FLEURETY, Department of Apocalyptic Affairs (2000, Supernal)
This album has four different covers that the owner can choose to display. Fleurety were prescient enough to understand that there would someday be a blog that fetishized skull album covers, making sure one of the cover choices featured a skull. Naturally they would want a piece of this action. What’s happening here is pretty simple: a grenade is cock-blocking the skull’s big moment in the spotlight. Skull thought he’d be the envy of all his skull friends, but nope, this asshole grenade nudged into the shot at the last minute. And who’s gonna argue with a grenade?
This album is just barely metal, residing on the genre’s outer fringes in what we might as well call the “avant-garde.” Fleurety’s early material remains some of the best and most interesting Norwegian black metal ever recorded, and with the EP that precedes this album (1999’s Last-Minute Lies), the Fleurety duo did what most good Norwegian black metal bands do — they went weird. The resulting follow-up, Department of Apocalyptic Affairs, is perhaps the weirdest of the Norwegian post-black metal oddities, at least of the listenable ones. (Zweizz is probably the weirdest, but that’s so over-the-edge weird that it’s easy to disregard as pure junk. Zweizz is one-half of the Fleurety duo, by the way.) At its best, this is akin to Arcturus in the second album era (La Masquerade Infernale) stretching into the territory of Ulver’s fourth (The Marriage of Heaven and Hell) with a desire to rid themselves of the metal altogether and worship at the altar of Bjork and the weirdest of Radiohead’s b-sides. But it’s never quite as good as that sounds on paper. At its worst, it’s an incoherent mess, as heard on opener “Exterminators.” Yet my enthusiasm (fuck it, I’ll call it like it is: it’s total lust) for this whole movement makes the whole thing endearing despite its faults. Pretty amazing cast of guest performers too: key members of Arcturus, Ulver, Ved Buens Ende, Virus, Mayhem, Winds, and Beyond Dawn. It’s a really nice package as well, with all those different covers and a nifty folder that houses individual cards for each song, credits, and pictures. Thanks to the Discogs.com marketplace I finally picked up a real copy, an item that had been high on my want-list for a long time (I don’t totally remember why I didn’t buy it when it was first released). I probably won’t display the cover with the teddy bear and the grenade — will probably go with the skull panel. That seems the natural choice, but I must admit I’m being tempted by the lemon grenade cover (lemon-nade?).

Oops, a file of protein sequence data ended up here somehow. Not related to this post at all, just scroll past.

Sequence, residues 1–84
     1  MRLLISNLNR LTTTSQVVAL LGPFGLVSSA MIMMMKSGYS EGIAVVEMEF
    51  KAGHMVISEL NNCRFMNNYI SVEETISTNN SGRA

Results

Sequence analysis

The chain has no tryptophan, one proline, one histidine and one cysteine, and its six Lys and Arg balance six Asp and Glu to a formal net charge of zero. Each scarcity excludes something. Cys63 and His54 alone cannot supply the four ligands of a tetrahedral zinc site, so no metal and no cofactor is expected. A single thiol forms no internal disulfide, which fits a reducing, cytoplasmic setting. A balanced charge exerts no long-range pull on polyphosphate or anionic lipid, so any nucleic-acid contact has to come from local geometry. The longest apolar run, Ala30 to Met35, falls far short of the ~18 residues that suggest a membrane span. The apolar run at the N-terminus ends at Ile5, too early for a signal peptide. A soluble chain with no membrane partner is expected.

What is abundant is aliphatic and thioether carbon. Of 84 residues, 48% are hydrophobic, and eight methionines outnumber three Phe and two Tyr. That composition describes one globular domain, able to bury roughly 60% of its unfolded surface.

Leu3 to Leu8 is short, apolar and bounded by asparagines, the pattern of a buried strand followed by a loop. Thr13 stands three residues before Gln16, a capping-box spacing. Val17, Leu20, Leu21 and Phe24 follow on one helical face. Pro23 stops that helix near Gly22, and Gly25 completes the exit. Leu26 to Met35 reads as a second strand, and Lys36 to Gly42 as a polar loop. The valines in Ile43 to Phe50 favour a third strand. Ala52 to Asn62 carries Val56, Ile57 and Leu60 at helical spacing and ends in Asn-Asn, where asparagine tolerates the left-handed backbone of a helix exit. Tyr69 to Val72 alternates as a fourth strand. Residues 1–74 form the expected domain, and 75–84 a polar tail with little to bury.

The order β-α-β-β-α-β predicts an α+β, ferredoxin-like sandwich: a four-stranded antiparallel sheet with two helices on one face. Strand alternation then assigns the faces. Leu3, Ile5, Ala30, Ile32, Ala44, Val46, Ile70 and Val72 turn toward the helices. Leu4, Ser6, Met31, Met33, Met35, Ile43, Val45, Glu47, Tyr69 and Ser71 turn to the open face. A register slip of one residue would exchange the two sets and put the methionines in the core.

— Friar Wagner